The Kennedy Center

I am the true vine

About the Work

Arvo Pärt Composer: Arvo Pärt
© James Potter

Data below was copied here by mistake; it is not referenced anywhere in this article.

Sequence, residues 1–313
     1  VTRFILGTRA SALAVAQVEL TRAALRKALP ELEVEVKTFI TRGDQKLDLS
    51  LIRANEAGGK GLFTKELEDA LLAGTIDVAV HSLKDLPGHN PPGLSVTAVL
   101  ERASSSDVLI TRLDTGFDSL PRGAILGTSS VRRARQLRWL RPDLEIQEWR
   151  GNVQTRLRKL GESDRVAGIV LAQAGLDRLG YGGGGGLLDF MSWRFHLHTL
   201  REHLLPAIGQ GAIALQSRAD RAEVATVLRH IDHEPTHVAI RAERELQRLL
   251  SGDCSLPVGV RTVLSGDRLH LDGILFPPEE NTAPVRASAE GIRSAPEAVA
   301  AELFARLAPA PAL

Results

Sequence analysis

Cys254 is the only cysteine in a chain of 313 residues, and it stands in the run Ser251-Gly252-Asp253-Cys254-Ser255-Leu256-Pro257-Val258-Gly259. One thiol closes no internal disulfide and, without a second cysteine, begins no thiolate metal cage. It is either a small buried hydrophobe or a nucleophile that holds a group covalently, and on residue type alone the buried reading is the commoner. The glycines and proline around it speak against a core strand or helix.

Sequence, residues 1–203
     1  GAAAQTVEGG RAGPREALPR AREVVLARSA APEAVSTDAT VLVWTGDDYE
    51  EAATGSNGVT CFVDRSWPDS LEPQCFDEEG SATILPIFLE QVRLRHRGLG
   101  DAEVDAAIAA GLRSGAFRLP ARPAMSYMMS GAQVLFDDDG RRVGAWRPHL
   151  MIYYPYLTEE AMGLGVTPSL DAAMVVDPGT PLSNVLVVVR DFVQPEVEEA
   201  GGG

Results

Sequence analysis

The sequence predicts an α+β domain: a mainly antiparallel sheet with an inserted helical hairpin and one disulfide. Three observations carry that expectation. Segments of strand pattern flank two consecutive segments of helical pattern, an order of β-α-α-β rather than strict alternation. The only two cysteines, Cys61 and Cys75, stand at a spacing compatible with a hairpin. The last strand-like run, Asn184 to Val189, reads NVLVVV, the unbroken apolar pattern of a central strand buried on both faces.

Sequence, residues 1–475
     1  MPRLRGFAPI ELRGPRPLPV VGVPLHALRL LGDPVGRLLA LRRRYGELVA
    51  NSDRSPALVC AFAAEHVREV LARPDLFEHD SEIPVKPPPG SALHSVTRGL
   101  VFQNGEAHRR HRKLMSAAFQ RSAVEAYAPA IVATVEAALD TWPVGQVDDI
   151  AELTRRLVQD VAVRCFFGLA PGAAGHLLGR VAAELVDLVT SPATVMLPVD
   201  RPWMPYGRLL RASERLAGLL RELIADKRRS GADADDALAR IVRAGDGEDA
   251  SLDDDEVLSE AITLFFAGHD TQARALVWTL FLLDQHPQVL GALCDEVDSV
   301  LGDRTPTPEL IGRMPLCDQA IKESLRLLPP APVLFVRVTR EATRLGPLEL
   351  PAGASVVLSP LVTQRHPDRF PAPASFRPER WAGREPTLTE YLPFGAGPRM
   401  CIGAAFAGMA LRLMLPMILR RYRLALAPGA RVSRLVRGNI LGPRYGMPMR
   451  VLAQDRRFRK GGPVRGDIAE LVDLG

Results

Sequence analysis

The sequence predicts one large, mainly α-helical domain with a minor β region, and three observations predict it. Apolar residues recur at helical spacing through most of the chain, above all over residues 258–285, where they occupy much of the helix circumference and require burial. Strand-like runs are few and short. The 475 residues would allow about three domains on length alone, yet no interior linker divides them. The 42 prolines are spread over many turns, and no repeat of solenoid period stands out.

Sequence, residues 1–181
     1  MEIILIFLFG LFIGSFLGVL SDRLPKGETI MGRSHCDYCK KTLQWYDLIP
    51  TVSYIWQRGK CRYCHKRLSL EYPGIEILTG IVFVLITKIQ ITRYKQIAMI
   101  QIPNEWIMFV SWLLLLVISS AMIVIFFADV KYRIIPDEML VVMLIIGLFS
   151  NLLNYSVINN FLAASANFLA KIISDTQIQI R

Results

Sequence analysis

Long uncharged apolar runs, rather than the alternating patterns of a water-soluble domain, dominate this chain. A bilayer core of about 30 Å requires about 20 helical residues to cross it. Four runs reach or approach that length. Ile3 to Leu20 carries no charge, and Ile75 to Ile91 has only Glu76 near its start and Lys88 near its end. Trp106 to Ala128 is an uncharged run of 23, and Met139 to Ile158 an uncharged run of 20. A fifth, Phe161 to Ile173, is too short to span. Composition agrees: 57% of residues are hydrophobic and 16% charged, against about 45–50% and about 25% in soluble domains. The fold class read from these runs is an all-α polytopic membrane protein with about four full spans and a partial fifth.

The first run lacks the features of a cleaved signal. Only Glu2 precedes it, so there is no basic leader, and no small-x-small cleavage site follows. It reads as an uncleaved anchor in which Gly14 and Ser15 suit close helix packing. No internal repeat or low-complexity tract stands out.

In his setting of one of the most important passages from the Gospel of John, I am the true vine, Arvo Pärt eschews micro-expression of the text, preferring to present it in as it were a beautiful frame. The central metaphor of the text - Christ as the vine in which all must abide - is expressed in the form of the piece itself. Like much of the composer's work, it follows a rigid compositional process, though manages to avoid drawing too much attention to its mathematical qualities. In this case, a succession of notes is repeated six times. The voices pass these notes between them, building up chords according to a strict pattern - 1 voice, then 2, 3, 3, 2, 1. The effect is that the text is always in motion, passing from voice to voice, yet with each voice inhabiting - or 'abiding in' - the same pitches. As a result, the piece has the qualities of stasis and timelessness which characterise the composer's finest music, and reflect that quality of faith which former Archbishop of Canterbury Rowan Williams has described as 'silent waiting on the truth, pure sitting and breathing in the presence of the question mark'.